For some time now, I have been on a mission to cut down on my own carbon emissions and have been looking for more eco-friendly products to help me do that.
I traditionally held the view that eco-friendly products would somehow be more expensive and less effective – but in a mission to cut down my own emissions, I’ve given some a try – and been pleasantly surprised by what I’ve learned.
Here’s just 5 of eco-friendly products I’ve tried recently that I cannot be parted from.
1. ‘If You Care’ Re-Useable Paper Towels
These were an incredible surprise – not least because we can get through paper towels at an incredible rate thanks to my fish keeping hobby, messy pets, and a general inability to prevent spills of tea, coffee, coca cola, you name it, we mop it up.
The manufacturers claim that each of these re-usable paper towels can last up to a week, replace 18 conventional paper towels and when used, they are completely compostable. It sounded like a challenge – and at 12 sheets for £8.50, my answer was, ‘they’ll have to be damn good!’
The good news is, they aren’t just good, they are amazing. Spills that would turn a whole kitchen roll into a soggy mess are picked up with one towel, which can be wrung out, rinsed and re-used for up to a week as needed. These clever little sheets are made in a patented process from a three-dimensional blending of cellulose, non-GMO unbleached cotton and mirabilite – a natural mineral salt. In production, the mirabilite is washed out, leaving the remaining blend (70% cellulose & 30% cotton) extremely porous, which makes the towels extraordinarily absorbent, able in fact, to absorb 16 times their own weight. They also don’t leave any fibres on the surface, unlike bamboo towels.
I was challenged to give them a try, and a few months down the line I have still not used all 12, not bad going considering I would normally get through a roll in just over a day. We’ve used them for cleaning, mopping up, cleaning up pet accidents that would normally kill a towel (and my nerves) and sopping up coca cola from our brand new rug without leaving a mark, these handy little towels are amazing and when they dry out you can just re-use them.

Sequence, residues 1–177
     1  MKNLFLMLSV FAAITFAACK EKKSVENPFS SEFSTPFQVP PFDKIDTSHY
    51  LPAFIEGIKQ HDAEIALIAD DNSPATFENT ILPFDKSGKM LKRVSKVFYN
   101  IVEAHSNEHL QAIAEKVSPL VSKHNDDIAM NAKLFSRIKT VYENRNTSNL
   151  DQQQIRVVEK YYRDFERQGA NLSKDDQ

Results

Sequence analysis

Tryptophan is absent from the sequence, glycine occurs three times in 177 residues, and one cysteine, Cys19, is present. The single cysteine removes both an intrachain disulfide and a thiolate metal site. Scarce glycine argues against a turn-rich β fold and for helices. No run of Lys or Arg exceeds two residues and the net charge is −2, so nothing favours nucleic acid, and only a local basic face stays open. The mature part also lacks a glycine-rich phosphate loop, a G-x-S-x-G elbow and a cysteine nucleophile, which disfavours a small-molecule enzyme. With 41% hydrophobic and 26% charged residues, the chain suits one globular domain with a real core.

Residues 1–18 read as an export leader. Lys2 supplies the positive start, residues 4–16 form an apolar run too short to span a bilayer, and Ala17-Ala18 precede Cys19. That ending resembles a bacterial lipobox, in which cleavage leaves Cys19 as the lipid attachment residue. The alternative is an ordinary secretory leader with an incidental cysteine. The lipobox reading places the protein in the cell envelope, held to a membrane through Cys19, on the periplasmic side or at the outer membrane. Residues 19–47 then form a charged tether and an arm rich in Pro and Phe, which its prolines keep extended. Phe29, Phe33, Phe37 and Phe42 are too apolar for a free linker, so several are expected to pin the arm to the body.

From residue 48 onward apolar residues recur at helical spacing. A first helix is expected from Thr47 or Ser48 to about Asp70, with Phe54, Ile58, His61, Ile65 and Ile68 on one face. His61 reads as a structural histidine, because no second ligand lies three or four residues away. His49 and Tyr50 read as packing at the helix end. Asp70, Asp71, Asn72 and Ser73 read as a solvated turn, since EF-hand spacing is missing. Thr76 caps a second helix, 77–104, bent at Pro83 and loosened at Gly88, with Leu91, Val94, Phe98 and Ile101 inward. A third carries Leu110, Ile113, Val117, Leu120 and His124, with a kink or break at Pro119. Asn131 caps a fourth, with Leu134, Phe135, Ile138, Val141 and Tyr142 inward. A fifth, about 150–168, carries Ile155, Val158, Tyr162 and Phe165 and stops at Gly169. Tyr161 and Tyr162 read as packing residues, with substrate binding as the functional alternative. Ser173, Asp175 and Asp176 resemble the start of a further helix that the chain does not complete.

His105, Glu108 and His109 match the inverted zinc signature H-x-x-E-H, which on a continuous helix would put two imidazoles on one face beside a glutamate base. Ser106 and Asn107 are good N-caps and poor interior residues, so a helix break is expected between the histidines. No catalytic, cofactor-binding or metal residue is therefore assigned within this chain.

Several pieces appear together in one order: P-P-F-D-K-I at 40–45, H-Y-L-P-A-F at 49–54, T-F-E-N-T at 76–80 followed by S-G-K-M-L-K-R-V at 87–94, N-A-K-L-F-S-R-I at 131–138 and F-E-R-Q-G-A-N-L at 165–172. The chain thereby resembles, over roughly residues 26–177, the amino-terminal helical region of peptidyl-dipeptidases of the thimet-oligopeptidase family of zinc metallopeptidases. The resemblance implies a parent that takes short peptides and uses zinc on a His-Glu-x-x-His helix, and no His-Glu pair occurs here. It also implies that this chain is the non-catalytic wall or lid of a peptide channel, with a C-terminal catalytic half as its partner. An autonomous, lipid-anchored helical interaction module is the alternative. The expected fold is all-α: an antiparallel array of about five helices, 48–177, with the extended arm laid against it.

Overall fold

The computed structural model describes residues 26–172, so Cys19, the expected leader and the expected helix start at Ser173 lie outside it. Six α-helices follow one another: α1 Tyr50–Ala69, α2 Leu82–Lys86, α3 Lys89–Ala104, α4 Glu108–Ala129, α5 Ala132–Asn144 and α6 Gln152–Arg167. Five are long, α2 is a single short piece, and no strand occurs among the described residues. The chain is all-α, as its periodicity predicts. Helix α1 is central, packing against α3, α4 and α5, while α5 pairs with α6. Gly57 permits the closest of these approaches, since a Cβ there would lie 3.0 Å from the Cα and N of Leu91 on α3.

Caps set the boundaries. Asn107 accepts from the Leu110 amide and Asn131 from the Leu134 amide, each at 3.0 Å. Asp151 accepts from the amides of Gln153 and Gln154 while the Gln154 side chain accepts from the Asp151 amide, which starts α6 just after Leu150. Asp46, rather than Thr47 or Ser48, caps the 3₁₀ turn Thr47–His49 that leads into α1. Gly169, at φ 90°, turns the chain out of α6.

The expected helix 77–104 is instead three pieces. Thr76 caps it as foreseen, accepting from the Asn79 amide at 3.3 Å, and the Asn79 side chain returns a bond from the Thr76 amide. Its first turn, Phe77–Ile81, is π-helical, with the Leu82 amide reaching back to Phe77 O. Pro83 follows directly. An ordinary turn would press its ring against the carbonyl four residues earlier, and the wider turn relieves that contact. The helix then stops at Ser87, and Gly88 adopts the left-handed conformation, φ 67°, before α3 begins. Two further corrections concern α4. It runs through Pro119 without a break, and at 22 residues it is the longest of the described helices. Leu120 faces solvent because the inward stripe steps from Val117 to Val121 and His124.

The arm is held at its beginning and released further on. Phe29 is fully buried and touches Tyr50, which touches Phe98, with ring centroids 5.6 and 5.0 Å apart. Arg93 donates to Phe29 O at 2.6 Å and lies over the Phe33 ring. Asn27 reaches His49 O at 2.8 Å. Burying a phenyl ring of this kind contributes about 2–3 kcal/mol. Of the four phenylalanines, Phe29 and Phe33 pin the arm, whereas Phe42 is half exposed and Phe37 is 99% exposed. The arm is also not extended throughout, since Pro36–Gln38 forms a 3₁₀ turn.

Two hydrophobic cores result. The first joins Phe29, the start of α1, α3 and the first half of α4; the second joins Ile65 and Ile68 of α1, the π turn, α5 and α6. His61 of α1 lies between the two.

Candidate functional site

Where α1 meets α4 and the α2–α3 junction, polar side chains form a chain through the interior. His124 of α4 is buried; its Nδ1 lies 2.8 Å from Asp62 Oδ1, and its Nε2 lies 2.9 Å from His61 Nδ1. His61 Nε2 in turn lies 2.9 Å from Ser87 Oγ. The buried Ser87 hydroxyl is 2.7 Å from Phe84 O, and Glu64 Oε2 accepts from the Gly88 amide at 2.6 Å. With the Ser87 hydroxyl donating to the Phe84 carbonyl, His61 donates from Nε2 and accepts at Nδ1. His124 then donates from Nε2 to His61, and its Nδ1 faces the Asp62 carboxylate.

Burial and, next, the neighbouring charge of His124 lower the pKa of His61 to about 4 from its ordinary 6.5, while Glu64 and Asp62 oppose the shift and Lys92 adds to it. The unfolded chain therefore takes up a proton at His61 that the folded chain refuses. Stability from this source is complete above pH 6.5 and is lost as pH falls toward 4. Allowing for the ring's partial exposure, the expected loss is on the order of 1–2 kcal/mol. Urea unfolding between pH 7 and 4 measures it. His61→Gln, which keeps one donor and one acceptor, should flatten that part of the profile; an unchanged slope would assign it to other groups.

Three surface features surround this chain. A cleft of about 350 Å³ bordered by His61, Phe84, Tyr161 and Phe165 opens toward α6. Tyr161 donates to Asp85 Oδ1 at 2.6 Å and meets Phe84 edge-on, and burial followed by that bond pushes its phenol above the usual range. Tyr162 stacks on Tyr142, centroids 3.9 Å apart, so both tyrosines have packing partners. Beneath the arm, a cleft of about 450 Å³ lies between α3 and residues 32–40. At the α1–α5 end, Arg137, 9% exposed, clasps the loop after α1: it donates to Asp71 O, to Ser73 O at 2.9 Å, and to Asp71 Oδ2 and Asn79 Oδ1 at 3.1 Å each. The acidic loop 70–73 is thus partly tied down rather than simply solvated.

These are one of the most handy things to have in your kitchen and can be bought here:
2. Earth Breeze Fragrance Free Laundry Detergent Eco Sheets
I came across these on a Facebook ad and wasn’t sure whether or not to give them a go. I’ve used Ariel for years and am pretty much devoted to them.
I am really pleased I did, because they are brilliant at stain removal at low temperatures.
A one time purchase is £15.00 but if you subscribe monthly, this reduces to £9.00.
While at full price this looks expensive compared to a pack of 36 Ariel Original pods, (£10 per pack but currently on offer for £7) there is no cost to the planet from using these, because all the ingredients are eco-friendly and even the packaging is compostable. However, it’s important to note that you can’t use half a pod for small loads, but these sheets can be torn in half for smaller loads of less than a basket, giving you up to 80 washes per pack.
First time round I bought unscented and they literally smell of nothing, which sounded cool but in practice wasn’t what I expected, so I’d recommend going for scented. However, the cleaning was excellent, it completely dissolves so there is no mess and no waste and the packaging can be torn up and buried in the garden, or thrown on your compost heap, creating no long term legacy. Also, their lightweight design means there’s a low carbon footprint for their delivery too, overall making it a no-brainer.